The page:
As I stated in my previous post, many out there understand it's only a matter of time before someone hits the wrong button on the wrong person. And as BIG OIL continues to wiz all over hard working Americans while our leaders elected officials cowards do nothing but look the other way and claim their hands are tied, crossing that line is truly inevitable.
Truthfully - I will be even less shocked when that unfortunate eventuality hits the wires. Saddened? Yes. But surprised? Hell no. Eavesdropping on private citizens is one thing. Silencing them is a whole new ballgame. Can't happen in 21st century America? Wait.
Looking at the photo on the Stand Tall blog of the TransCanada worker behind the video camera, I was oddly reminded of this scene from Saving Private Ryan.
Then, if you will, imagine this chimerical screenplay.
- Act I -
Sometime down the road, a well-dressed young man knocks on a door somewhere in a still-rural suburb of a major American city underlain by a largely untapped gas-bearing shale formation. After satisfactorily identifying himself as a landman and employee of a major gas drilling company, the elderly homeowner allows him in, takes him to the kitchen table, and deftly directs him to a specific chair. The recently-widowered and heirless gentleman seats himself at the far end.
After a few polite exchanges, the landman launches into a lengthy and drone-like sales pitch about all the natural gas beneath this region waiting to be tapped, and how all of this will be good for the nation's economy, environmentally safe, facilitate America's energy independence for decades to follow, and insure the financial future of the homeowner's family. The landman then states that all of the homeowner's neighbors have committed to signing leases and bluntly closes with, parroting a quote from the article linked above -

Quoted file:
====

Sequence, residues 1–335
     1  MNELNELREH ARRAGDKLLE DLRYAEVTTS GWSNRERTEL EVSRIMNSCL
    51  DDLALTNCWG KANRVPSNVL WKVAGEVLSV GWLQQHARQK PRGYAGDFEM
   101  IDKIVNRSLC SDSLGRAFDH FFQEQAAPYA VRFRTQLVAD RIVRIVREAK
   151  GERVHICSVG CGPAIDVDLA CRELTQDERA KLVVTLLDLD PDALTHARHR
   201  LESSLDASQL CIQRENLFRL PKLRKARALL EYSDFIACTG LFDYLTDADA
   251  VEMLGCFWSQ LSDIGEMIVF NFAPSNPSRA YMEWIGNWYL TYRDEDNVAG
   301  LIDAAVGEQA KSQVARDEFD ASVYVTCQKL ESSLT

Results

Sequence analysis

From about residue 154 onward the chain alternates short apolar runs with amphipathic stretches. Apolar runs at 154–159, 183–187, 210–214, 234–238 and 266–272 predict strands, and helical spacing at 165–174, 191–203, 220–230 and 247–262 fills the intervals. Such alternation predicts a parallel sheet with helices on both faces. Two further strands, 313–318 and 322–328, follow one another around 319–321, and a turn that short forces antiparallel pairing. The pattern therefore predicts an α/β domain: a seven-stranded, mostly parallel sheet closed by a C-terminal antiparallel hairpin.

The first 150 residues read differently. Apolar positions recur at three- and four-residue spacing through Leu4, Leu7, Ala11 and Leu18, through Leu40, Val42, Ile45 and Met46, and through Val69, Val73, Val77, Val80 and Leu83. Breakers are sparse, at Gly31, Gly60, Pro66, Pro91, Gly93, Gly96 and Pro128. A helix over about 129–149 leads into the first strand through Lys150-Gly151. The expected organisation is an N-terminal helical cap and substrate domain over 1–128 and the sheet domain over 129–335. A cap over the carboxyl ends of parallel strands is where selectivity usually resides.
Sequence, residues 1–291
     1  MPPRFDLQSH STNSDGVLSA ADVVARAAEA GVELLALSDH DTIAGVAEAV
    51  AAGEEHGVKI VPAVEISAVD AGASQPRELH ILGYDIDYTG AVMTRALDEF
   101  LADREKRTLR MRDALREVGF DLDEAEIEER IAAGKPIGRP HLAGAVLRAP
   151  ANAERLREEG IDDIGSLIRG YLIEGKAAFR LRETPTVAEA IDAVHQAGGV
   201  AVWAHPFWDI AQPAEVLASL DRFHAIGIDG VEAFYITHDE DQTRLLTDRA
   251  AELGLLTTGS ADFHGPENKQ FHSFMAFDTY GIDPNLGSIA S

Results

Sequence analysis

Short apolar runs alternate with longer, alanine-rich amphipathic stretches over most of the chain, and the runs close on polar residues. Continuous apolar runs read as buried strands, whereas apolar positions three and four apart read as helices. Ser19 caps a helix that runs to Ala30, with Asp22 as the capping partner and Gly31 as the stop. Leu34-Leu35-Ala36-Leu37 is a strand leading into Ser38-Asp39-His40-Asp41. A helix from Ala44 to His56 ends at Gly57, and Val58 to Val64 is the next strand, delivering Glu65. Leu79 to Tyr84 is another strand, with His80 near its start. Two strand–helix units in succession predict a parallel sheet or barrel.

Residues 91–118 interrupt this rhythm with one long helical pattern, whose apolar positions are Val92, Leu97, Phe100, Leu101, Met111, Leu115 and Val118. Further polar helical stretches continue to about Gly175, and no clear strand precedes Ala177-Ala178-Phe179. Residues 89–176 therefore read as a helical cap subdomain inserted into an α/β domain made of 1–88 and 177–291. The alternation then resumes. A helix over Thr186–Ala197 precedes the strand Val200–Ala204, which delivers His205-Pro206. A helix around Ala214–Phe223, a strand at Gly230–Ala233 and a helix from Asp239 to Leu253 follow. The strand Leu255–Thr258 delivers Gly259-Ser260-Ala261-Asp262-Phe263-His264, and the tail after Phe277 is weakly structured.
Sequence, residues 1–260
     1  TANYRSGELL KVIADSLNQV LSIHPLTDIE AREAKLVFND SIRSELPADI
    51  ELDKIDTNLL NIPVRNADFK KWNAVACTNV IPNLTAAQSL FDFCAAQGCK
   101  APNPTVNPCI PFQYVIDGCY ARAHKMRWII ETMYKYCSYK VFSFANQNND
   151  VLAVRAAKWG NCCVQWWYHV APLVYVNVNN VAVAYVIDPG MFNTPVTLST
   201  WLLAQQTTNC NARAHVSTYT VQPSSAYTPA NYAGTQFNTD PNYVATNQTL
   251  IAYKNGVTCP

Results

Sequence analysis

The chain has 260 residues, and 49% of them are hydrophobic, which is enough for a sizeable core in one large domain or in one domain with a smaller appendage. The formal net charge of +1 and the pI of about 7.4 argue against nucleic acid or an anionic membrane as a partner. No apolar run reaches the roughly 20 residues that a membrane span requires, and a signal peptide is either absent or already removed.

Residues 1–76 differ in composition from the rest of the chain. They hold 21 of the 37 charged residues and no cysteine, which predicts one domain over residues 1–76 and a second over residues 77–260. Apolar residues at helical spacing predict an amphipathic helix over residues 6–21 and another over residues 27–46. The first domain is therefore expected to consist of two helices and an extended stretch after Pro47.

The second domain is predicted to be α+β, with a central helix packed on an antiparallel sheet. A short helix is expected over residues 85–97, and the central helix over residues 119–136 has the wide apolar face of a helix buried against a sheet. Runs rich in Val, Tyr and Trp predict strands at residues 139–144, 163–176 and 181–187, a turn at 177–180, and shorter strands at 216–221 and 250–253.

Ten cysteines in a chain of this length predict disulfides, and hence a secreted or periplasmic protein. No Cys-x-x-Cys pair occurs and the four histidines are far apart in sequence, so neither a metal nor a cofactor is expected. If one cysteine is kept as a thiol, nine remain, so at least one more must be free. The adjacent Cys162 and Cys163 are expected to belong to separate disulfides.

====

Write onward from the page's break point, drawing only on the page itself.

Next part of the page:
"Drilling here is a done deal. You can’t do anything about it."
For more than a few seconds, the homeowner stares dispassionately at the young man's face while slowly placing his hands out of view below the table. Then, as if he's rehearsed the words a thousand times, he slowly and deliberately says - "Son, you say I can't do anything about this. That I am not in a position to decide what happens to this property; property that my family has owned and treasured and passed down through many generations. I disagree. Do you have your boss's phone number or your next of kin's phone number programmed into your cell phone?"
After a few uncomfortable seconds pass, the landman responds - "Yes. Why?"
"Because although I'd hoped today would never come, I've been preparing for this moment for years. I know you're just doing your job, but I think it's only fair that I allow you one phone call. Someone needs to know that you've decided to stay with me for awhile. You and your industry need to better understand what this land means to people like me, and what we'll do to protect it."
"Please give me your phone."
- Intermission -
I'm sure you recall Kari Matsko's closing words in the article referenced at the launch of this little and fictional vignette, but on the outside chance you don't -
“All it’s going to take is for the energy companies to pick on the wrong person.”
Her words, not mine. Far-fetched, you say?
Sometime, somewhere, someone. Everything meticulously orchestrated well in advance. In fact - years.
“Will you step into my parlor?” said the spider to the fly;"